Are You Growing Old with Bitcoin?


If you think bitcoin or cryptocurrencies are just a young person’s game, think again.

More people than ever in the U.S. are turning to bitcoin or cryptocurrencies to help with their retirement, it seems, even as the recent market carnage provides a stark reminder that this crazy market is not for the lethargic.

A poll released last week by cryptocurrency exchange KuCoin found that about 27 percent of Americans aged 18-60 – about 50 million people – have owned or traded cryptocurrencies in the past six months.

However, seniors are more enthusiastic than the general population about the younger asset class, with 28% of those 50 and older betting on cryptocurrencies as part of their early retirement plans, according to the survey conducted in late March.

Their most popular reasons for investing in cryptocurrencies are that they see them as the future of finance, they don’t want to miss out on a hot trend, and they see it as a way to diversify their portfolios.

Market turmoil in recent weeks has quieted talk earlier in 2022 that bitcoin and other cryptocurrencies would win mainstream acceptance and be included in pension plans.

“If they [investors] want cryptocurrency, it should be a very small allocation in their portfolio, and they should be prepared to lose it,” said Erik Knutzen, chief investment officer for multi-asset class strategies at Neuberger Berman.

“We’re not going to recommend it to everybody.”

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Indeed, Bitcoin is trading around $30,000, down 60% from its November peak of $69,000. And the market’s collapse means many newcomers are deep in the red on their investments.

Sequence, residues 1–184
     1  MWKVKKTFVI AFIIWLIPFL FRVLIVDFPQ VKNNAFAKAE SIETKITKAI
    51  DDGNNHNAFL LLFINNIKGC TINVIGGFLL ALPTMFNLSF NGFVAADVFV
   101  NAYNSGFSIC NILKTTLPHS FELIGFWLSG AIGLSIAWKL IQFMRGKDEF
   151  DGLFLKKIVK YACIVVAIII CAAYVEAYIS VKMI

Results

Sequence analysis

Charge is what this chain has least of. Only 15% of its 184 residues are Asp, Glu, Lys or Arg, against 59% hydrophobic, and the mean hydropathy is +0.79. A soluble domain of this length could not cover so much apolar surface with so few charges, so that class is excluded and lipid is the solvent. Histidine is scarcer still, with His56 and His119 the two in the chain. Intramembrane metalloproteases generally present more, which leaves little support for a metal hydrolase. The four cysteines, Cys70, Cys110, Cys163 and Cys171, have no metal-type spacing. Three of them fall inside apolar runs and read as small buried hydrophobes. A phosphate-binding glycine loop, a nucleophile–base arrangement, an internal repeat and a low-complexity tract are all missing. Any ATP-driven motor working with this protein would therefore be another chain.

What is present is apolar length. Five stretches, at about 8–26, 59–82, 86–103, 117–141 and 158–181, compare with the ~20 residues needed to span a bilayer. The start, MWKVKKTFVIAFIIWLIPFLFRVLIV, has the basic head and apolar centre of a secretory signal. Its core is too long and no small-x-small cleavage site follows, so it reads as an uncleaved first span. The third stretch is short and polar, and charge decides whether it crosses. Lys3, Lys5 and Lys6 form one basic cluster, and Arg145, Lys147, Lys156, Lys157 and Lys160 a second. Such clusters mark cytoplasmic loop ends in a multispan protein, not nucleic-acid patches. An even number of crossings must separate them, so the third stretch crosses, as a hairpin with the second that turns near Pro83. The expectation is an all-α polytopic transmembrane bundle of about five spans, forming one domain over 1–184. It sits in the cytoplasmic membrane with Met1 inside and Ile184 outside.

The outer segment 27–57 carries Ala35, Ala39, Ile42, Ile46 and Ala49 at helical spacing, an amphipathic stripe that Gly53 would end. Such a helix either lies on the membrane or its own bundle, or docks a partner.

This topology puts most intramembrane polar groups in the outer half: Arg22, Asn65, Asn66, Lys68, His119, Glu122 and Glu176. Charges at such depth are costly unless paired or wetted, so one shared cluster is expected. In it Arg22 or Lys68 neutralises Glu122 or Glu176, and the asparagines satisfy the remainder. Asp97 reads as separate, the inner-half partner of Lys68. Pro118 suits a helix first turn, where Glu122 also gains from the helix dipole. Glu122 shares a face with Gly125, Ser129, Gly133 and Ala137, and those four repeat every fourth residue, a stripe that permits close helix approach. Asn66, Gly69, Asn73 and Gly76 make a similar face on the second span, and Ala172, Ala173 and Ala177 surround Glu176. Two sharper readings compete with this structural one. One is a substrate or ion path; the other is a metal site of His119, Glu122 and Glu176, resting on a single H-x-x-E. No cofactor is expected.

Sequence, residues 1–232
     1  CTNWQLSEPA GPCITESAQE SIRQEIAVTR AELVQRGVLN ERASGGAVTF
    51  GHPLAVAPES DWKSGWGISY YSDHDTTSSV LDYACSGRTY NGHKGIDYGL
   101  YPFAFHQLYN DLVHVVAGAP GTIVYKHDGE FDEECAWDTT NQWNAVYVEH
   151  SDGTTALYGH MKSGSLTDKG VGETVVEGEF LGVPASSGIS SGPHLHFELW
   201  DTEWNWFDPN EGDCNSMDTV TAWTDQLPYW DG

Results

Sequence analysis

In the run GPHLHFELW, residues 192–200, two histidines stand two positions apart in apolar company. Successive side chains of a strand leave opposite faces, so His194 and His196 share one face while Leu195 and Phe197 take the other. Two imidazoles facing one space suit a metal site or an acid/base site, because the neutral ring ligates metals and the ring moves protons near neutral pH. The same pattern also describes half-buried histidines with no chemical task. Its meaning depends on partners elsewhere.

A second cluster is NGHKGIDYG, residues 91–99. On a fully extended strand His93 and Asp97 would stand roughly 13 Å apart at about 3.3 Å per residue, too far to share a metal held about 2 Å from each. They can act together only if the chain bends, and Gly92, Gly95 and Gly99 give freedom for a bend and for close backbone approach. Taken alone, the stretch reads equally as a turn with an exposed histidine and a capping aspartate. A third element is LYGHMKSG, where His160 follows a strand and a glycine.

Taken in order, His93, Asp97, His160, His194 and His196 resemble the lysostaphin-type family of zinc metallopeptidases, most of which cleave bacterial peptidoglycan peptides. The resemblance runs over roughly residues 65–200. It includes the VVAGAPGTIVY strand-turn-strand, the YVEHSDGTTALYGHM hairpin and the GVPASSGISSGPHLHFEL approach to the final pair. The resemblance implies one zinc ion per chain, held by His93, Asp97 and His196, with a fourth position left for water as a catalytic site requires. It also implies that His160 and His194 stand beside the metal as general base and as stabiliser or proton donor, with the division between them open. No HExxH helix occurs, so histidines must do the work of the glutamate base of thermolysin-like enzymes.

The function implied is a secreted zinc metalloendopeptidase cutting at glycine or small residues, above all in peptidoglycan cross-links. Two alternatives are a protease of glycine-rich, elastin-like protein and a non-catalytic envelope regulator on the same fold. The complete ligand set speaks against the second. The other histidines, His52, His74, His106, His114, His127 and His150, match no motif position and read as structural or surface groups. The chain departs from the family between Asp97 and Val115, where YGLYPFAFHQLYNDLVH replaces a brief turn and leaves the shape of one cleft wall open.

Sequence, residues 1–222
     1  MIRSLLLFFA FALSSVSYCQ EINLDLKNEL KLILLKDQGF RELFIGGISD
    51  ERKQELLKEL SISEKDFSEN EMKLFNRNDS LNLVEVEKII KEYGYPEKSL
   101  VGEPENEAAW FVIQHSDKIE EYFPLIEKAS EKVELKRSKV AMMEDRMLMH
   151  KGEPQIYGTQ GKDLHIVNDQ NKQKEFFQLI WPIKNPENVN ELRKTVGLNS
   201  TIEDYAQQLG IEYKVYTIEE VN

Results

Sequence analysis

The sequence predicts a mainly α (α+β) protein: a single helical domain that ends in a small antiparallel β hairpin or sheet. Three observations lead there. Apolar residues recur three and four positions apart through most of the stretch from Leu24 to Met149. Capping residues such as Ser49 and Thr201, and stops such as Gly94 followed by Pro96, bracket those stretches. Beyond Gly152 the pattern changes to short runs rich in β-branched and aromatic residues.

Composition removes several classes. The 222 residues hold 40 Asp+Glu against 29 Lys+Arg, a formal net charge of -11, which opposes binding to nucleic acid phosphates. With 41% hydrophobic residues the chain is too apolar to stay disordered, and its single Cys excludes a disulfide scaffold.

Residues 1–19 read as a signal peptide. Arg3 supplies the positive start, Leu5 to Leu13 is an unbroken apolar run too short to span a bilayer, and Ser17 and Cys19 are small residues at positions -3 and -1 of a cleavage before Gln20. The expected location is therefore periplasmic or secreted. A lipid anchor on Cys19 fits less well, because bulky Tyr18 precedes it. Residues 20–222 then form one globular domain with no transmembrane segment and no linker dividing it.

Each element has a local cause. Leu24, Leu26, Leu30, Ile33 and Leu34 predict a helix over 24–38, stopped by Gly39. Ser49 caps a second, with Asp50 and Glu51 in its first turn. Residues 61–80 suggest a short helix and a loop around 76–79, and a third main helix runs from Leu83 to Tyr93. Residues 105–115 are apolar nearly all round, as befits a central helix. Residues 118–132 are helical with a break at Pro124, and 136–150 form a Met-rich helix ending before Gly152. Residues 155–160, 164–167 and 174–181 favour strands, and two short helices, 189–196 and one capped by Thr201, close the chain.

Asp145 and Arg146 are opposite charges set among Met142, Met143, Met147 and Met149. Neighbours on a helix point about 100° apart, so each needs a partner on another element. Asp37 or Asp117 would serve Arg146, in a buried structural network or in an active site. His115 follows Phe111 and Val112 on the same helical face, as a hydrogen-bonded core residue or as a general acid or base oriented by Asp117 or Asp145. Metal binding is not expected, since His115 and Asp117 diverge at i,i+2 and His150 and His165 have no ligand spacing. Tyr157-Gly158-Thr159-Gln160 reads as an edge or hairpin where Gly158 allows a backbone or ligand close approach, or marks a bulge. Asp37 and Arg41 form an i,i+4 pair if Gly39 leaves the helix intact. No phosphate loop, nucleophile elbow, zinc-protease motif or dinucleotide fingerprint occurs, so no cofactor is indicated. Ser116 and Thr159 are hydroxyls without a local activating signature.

Nonetheless, cryptocurrency investors and analysts are watching like hawks for any signs that bitcoin might rebound.

JPMorgan’s Nikolaos Panigirtzoglou and his global strategy team said last week that the cryptocurrency chaos has soured investor sentiment so much that certain indicators portend “good entry points for long-term investors.”

JPMorgan said bitcoin funds, including exchange-traded funds (ETFs), saw the largest outflows since May 2021, adding that proxies for its positions in bitcoin futures on the Chicago Mercantile Exchange are approaching oversold territory.

Using a model based on the volatility of bitcoin versus gold, the team estimated the “fair value” of bitcoin at $38,000.

The KuCoin poll comes a week after a Federal Reserve survey of 11,000 adults found that 12 percent of Americans dabbled in cryptocurrencies as an investment last year.

The survey did not break down participants by age, but found that almost half of those holding cryptocurrencies as an investment had annual incomes of $100,000 or more, while almost a third had incomes below $50,000.

Still, if older investors are entering the new cryptocurrency vanguard, have asset managers rushed to meet that demand?

Fidelity Investments caused a stir in April when it announced that individuals will soon be allowed to distribute a portion of their retirement savings in bitcoin through their 401(k) investment plans.

“Fidelity has always operated and made decisions with the highest integrity and a strong commitment to our clients, including those saving for retirement,” a Fidelity spokeswoman told Reuters.

But if anecdotal evidence from a Reuters-sponsored summit of investors and asset managers in New York last week is any guide, it could own the 401k cryptocurrency market for some time.

The general consensus is that cryptocurrencies are too volatile for retirement. Unless you are a sophisticated investor, such as a hedge fund, or are prepared to swallow huge losses, then it is best to steer clear.